7. I want to point out that Milan didn’t park the bus like inter or Chelsea, they kept a higher line, exploiting Barca s refusal to dink balls over the top and flooding the midfield. for diagonal cross balls across the opponents penalty area you don’t even need good headers of the ball, just wingers willing to run into the space. Pirlo does this very well for Juve, combining especially well with Lichtsteiner cutting in from the wing. in Xavi and Iniesta, Barcelona have two players who can deliver these balls, they need attackers to make runs in behind occasionally instead of always coming for a pass to feet.
    With Ibrahimovic the theory of using him as a different option was sound, it failed mostly because of Ibrahimovic. ‘s ego, not wanting to do the hard work.

  8. Hi Brazil94…..
    The need for a big,strong target man type striker, is not necessarily because one wants to play an exclusively aerial game, which predominated in England during the 1980s. A good target man, which i think Guardiola had in mind with Ibrahimovic but who,as James Micalleff points out, was a let down largely because of his poor attitude, would enable Barcelona to relieve the pressure put on them in their defensive third, by providing an ‘out’ ball to play to further down the pitch, and, in other words, providing an option to play over the midfield sometimes, instead of always playing through the midfield, which opposing teams are now making it harder and harder for Barcelona to do. By playing up to the striker earlier, Barca would then still use their tiki taka playing method but will have moved the utilisation of this further down the pitch and closer to the enemy goal. There would also, of course, be the option of heading opportunities at the enemy goal from the diagonal crosses which John suggests, but this would be an option and not a total ‘game-change’, as I think Brazil94 seems to fear.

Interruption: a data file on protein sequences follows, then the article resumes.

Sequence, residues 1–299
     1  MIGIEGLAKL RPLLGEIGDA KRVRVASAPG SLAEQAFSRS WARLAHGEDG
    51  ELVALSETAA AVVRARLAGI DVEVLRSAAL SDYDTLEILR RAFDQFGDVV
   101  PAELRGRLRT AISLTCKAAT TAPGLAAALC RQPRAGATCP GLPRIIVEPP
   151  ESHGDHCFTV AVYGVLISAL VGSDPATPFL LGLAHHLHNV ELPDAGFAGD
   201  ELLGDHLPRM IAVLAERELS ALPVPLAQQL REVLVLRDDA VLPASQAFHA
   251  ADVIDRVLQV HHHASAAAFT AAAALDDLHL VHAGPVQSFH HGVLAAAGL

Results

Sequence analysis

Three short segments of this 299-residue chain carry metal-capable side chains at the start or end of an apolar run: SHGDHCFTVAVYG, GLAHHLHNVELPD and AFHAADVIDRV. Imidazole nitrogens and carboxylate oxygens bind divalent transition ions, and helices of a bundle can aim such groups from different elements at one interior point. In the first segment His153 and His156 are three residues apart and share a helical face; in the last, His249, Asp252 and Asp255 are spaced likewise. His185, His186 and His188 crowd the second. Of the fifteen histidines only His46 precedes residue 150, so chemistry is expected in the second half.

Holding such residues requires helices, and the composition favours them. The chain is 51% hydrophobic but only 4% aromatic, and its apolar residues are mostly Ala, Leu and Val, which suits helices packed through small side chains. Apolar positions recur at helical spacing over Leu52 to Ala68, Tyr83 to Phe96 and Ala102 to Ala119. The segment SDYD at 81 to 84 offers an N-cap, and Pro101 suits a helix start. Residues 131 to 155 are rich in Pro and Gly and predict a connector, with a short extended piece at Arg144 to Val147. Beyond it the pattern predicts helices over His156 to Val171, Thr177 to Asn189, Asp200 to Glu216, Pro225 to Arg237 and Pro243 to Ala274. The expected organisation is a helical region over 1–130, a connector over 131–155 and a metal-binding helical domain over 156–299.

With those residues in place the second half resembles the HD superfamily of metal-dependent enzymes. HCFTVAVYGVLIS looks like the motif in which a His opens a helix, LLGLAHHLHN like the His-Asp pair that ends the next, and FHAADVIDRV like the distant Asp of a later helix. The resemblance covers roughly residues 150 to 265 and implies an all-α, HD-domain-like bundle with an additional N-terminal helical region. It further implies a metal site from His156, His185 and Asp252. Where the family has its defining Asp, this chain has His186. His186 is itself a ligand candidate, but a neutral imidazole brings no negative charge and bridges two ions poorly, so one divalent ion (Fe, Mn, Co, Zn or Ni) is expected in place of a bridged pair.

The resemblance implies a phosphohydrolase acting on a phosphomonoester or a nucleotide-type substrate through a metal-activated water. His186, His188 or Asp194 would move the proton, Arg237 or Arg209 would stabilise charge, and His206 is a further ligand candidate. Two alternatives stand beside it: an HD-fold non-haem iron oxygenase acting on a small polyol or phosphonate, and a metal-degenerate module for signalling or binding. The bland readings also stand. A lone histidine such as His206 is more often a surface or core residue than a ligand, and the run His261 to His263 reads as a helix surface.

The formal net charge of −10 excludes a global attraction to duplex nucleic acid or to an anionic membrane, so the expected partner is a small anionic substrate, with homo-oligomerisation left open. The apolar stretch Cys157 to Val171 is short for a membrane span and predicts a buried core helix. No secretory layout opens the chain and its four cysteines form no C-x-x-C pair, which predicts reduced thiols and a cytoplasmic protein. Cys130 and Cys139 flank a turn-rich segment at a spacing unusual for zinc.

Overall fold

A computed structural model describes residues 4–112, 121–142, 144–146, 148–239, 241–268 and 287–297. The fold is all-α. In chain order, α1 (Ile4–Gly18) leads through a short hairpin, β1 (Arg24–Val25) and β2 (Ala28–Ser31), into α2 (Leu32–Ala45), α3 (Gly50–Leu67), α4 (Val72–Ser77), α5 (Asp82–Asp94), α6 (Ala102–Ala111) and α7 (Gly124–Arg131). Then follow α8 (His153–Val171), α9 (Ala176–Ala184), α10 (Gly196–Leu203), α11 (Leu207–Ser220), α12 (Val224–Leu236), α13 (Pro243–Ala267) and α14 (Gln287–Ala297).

I am interested that John mentions the alternative playing approaches which are in Levels 4 and 5 of the Premier Skills courses. I have not done those Levels, but I understand that the methodology of playing the ball more quickly from the back line to the strikers, peeling off their markers into spaces or offering themselves as targets to provide knock downs, is referred to as ‘benchmark’. I saw this change in approach put into operation midway through a match earlier this season, by Mick Fletcher’s team in Walthamstow, NE London, and it was very effective.

  9. At the weekend I was watching old footage of england v scotland in 1967.Many exceptional players on the pitch Bobby Moore,Jim Baxter,Gordon Banks amongst them.One thing I noticed was the way Bobby Moore and Geoff Hurst linked up.Often with a long ball out of defence either into Hursts body or into space where Hurst could collect the ball.I think thats the kind of longer ball link up play Barca need to look at.Also the type of target man that would make Barca a more complete unit.Hurst gained his ability I believe thanks to hours of hard work on the training pitch under Ron Greenwood.I think English football could still learn a lot from that period of West Ham coaching philosophy.

    As much as I admire the fast 1-2 football that Barca play around their opponents penalty area I find their build up play too slow for my taste.Playing at that speed must make it easy for the opposition to get back behind the ball in numbers.

    When I compare their game style to the Arsenal invincibles at the best and the great Liverpool sides I know which I would rather watch and which is better suite dfor the English mentality as a game style to follow.Looking again at more penetrative styles of play I think of the use of fast player combinations -third man running again that Tony Carr and his staff preach in the development of their academy proteges.There is also the importance of the off the ball running that Liverpools pass and move that helped the anfield club dominate.Looking at old footage of Steve Mcmahon in his pomp breaking the lines to penetrate on a third man run is the type of combination play that I think would improve Barca.If I remember rightly Guardiola is more a believer in possession football-“playing from shape” as opposed to the pass and move style.